Advocates for E-bills may cite this decision an example of why international trade will benefit from the wider introduction of paperless transactions and the increased uptake of the blockchain ledger technology. True it is that when an e-bill of lading is used, no original documents need to be transferred between parties involved and problems such as confronted the lender in this case would become an historical oddity. But to my mind there are some problems with e-bills as they currently stand and we are not ready for Blockchain yet.
An e-bill of lading can fulfil the first two functions of paper bills: a receipt for the goods shipped and evidence of the contract of carriage. However, is it is questionable whether it can be a document of title. Transferability of the negotiable e-bill of lading presents another challenge, as transfer of such a bill of lading is effected by the delivery. Another challenge is title to sue. In most jurisdictions possession of the original paper bill gives title to sue. What of the holder of an e-bill’s title? Lastly, the Hague-Visby Rules were not drafted with the development of an e-bill of lading in mind. On one view, carriage under an e-bill could be considered carriage without documents.
The Rotterdam Rules do provide the possibility of using an electronic equivalent for the bill of lading; the Electronic Transport Record (ETR). These Rules provide general definitions and ground rules for the ETR, which allow for further technological developments. However, an e-bill as a document of title is not regulated by the Rules; this is left to the discretion of member states to provide for in their national law. At this stage, the Rotterdam Rules have not reached the number of ratifications necessary to enter into force.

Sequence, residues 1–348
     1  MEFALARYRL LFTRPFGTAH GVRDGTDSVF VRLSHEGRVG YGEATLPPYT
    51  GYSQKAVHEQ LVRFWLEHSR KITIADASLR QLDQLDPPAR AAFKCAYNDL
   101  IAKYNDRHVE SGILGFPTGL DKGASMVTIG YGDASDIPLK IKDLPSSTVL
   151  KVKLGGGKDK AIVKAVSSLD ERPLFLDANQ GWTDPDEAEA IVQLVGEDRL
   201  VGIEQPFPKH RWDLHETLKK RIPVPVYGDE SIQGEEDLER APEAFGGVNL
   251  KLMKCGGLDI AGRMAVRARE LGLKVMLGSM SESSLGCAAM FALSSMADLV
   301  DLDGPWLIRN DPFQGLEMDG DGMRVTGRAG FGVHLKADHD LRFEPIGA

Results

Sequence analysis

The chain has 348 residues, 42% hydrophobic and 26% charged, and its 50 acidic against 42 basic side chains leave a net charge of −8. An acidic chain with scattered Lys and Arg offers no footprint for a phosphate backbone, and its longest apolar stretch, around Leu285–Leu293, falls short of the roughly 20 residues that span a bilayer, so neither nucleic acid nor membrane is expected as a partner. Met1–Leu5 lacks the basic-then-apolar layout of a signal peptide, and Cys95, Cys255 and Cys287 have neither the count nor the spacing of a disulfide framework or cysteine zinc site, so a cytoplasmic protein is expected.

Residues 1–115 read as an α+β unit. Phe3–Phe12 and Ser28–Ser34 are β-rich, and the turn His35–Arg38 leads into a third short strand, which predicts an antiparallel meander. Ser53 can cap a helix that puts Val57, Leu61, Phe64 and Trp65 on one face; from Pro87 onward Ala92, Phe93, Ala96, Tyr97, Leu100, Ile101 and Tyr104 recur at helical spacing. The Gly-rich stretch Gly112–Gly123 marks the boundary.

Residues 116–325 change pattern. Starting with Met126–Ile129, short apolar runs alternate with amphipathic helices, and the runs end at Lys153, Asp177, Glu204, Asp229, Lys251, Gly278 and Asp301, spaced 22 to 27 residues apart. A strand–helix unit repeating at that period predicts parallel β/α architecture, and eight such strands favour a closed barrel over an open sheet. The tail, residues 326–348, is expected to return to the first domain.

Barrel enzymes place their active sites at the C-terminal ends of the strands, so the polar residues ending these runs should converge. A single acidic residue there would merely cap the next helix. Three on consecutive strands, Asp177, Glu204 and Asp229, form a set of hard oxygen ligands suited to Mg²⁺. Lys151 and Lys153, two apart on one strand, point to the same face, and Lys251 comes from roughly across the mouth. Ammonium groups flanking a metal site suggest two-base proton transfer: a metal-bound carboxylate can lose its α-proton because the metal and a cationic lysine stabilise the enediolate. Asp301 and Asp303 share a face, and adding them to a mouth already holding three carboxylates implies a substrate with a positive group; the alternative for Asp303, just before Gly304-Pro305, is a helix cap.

Several attempts have been made to regulate ETRs by “soft law”. The first was made by the Comité Maritime International on 29 June 1990, when it adopted its “Rules for Electronic Bills of Lading”. The Rules’ application is to be agreed upon by the contracting parties, which is rare, meaning that these Rules have not gained the popularity hoped for.
In September 2017, UNCITRAL published the Model law on Electronic Transferable Records which contains some guidelines for the use of negotiable ETR, which national legislators may choose to apply in their national law.
Is Blockchain technology the answer?
The Blockchain ledger technology is so acclaimed because it makes digital transactions broadly accessible, safe and reliable. Blockchain could be used to further the use of e-bills making them unique and secure. Its global accessibility makes it compatible with the issue of e-bills. A blockchain e-bill could also potentially meet the requirements of the ETR as provided by the Rotterdam Rules. However, extensive new legal frameworks are necessary to regulate Blockchain, and at present the International Group of P&I Clubs limits cover for carriage under e-bills to those used with approved systems such as ess-DOCS, Bolero and e-title™. Nonetheless, it is very likely that the technology will be implemented in these systems in the near future and with it hopefully, there will be fewer accidents occasioned by the elephant’s trunk.
Bridie regularly advises and appears for freight forwarders, carriers, P&I clubs and lenders as part of her maritime and international law practice. She also has an avid interest in the legalities of the Blockchain technology.
Liability limited by a scheme approved under Professional Standards Legislation